A completely new way to see your biological sample

A completely new way to see your biological sample

There are not many methods that can claim to give a completely unique insight into your model system but isothermal microcalorimetry is one of them. Whether that is microbial biofilms or tissue biopsies, isothermal microcalorimetry measures the energy coming from a sample over time at a very high resolution. This gives raw data in the form of a thermogram which is a thermal fingerprint of the sample. The data in a thermogram is complex and rich which give researchers a lot of options when it comes to analysis methods. When using our calScreener, we have a software (calView) that makes analysing the data simple as well as providing more custom data analysis options.

What does isothermal microcalorimetry measure?

Isothermal microcalorimetry is a measurement of energy released over time. In terms of biological samples, how much energy is produced correlates very well to metabolism. The strength of microcalorimetery is that it doesn’t rely on proxies for metabolic measurements such as the depletion of specific nutrients that need to be labeled or stained prior to the experiment or oxygen consumption. In this way, microcalorimetery can often give a completely new perspective on an experimental system and the way it behaves. For example, in microbiology when bacteria reach stationary phase in the growth curve, there is limited data that can be gathered. Using microcalormetry, it is easy to see that microbes can be very metabolically active in stationary phase.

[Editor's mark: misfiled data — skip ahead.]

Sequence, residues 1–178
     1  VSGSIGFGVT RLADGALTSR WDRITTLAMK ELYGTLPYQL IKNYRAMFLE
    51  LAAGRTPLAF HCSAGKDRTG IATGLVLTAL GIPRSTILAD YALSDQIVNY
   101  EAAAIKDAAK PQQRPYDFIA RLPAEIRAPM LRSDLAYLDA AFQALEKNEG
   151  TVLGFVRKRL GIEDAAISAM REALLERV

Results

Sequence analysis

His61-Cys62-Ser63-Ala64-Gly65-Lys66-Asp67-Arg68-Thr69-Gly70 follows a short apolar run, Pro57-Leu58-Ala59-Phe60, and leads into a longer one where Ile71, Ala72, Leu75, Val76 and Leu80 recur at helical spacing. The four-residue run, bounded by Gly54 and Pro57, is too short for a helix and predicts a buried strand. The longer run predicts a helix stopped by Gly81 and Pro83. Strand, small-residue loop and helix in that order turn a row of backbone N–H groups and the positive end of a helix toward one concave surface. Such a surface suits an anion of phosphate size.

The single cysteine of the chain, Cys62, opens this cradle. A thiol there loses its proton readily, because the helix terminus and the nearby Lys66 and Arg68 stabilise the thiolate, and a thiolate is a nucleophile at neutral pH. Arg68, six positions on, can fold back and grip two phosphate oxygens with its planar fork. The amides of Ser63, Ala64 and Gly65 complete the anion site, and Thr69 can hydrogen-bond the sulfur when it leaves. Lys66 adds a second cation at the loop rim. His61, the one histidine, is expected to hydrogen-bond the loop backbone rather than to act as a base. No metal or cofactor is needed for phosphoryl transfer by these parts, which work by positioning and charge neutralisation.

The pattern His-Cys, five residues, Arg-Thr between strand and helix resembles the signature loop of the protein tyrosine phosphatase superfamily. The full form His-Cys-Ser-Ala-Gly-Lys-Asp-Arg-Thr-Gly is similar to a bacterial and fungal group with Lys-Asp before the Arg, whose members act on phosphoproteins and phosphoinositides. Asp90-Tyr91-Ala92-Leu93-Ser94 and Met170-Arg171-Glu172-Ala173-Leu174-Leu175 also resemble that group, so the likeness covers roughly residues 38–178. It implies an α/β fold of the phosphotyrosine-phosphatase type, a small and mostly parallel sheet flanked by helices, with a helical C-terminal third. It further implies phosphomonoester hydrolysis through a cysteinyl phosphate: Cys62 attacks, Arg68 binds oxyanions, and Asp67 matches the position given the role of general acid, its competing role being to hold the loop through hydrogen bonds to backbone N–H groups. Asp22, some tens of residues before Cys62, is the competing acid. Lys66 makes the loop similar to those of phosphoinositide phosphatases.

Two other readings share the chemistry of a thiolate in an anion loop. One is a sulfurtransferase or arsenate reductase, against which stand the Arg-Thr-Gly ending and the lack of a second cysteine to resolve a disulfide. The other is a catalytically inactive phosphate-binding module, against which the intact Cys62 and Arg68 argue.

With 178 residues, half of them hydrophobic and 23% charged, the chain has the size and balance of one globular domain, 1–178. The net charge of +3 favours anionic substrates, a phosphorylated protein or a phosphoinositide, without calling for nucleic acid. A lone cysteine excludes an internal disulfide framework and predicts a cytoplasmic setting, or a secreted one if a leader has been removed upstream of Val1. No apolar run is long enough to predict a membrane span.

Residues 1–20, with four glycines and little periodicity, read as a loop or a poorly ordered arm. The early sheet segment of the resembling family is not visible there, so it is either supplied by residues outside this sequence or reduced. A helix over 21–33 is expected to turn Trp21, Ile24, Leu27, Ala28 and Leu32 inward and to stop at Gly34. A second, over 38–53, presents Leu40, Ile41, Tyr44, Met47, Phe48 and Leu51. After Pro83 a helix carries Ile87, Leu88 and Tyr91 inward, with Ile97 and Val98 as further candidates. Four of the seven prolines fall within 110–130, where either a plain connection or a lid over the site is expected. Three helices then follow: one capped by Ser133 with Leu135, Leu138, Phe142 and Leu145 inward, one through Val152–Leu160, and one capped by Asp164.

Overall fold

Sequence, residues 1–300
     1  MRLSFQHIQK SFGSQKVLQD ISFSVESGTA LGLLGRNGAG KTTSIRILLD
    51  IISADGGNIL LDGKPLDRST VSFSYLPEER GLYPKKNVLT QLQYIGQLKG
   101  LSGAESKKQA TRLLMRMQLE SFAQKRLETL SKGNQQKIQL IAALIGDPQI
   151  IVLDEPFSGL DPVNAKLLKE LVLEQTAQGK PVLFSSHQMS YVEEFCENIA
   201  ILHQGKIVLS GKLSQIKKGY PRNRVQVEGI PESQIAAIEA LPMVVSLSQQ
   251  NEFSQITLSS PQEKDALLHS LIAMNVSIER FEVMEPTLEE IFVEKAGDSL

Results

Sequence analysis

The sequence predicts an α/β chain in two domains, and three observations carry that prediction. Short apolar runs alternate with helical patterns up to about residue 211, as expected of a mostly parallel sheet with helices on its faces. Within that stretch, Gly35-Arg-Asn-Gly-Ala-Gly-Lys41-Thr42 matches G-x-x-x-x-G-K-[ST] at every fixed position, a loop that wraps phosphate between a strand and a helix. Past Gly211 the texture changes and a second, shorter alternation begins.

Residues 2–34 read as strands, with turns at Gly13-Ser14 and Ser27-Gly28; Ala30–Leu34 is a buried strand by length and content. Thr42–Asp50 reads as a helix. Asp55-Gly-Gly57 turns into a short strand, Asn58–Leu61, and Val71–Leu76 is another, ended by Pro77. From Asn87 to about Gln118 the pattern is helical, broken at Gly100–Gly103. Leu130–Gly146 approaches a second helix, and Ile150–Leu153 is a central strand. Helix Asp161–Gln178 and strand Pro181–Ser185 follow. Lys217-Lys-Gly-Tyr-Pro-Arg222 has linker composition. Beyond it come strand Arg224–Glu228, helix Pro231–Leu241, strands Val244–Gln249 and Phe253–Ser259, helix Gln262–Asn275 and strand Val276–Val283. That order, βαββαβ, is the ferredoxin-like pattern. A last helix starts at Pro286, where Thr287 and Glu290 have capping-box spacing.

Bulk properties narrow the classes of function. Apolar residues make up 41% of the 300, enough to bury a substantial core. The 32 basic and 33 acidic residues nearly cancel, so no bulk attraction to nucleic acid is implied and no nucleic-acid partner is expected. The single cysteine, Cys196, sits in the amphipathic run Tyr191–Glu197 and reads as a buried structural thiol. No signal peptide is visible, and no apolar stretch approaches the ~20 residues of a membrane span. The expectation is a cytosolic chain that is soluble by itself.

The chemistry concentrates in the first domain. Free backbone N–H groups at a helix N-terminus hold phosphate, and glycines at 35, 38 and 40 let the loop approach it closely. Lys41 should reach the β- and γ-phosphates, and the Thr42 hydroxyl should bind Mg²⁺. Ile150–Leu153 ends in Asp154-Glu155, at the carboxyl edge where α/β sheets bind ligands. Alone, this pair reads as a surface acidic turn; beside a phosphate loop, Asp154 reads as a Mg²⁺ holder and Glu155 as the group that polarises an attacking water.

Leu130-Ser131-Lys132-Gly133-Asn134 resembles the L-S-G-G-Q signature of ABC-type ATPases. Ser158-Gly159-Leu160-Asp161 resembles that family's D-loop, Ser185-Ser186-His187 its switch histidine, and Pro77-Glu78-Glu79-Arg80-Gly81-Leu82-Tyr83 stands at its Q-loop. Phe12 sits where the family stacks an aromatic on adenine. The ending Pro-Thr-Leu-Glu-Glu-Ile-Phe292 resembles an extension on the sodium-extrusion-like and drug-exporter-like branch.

Under what conditions can this be used?

Microcalorimetry is a flexible technique, especially when using the calScreener. It can be used for samples that need to be measured over long periods of time like a microbial culture or when two different conditions need to be compared against one another, such as a treatment and a control sample. It can be used to investigate how metabolically active different samples are and when their metabolism changes due nutrient availability or different external conditions. This can be done under aerobic or anaerobic conditions and with complex samples such as tissue biopsies. The calScreener can measures the energy in a sample regardless of it shape or whether it is bound to the bottom of the well. This is important for experimental samples with complex shapes such as organoids or if samples float like adipocytes or pellicle biofilms.

What are the standard data analysis methods for microcalorimetry?

The standard output from a microcalorimetry experiment is a thermogram. It is a trace of the energy produced by a sample over time. Thermograms provide a unique way to visualise how biological samples behave over time and if two similar samples have different metabolic profiles.

A simple analysis is to compare two thermograms on the same graph. Peaks represent high thermal activity and troughs low activity. This comparison immediately shows if there are differences in metabolism and precisely when these differences occur.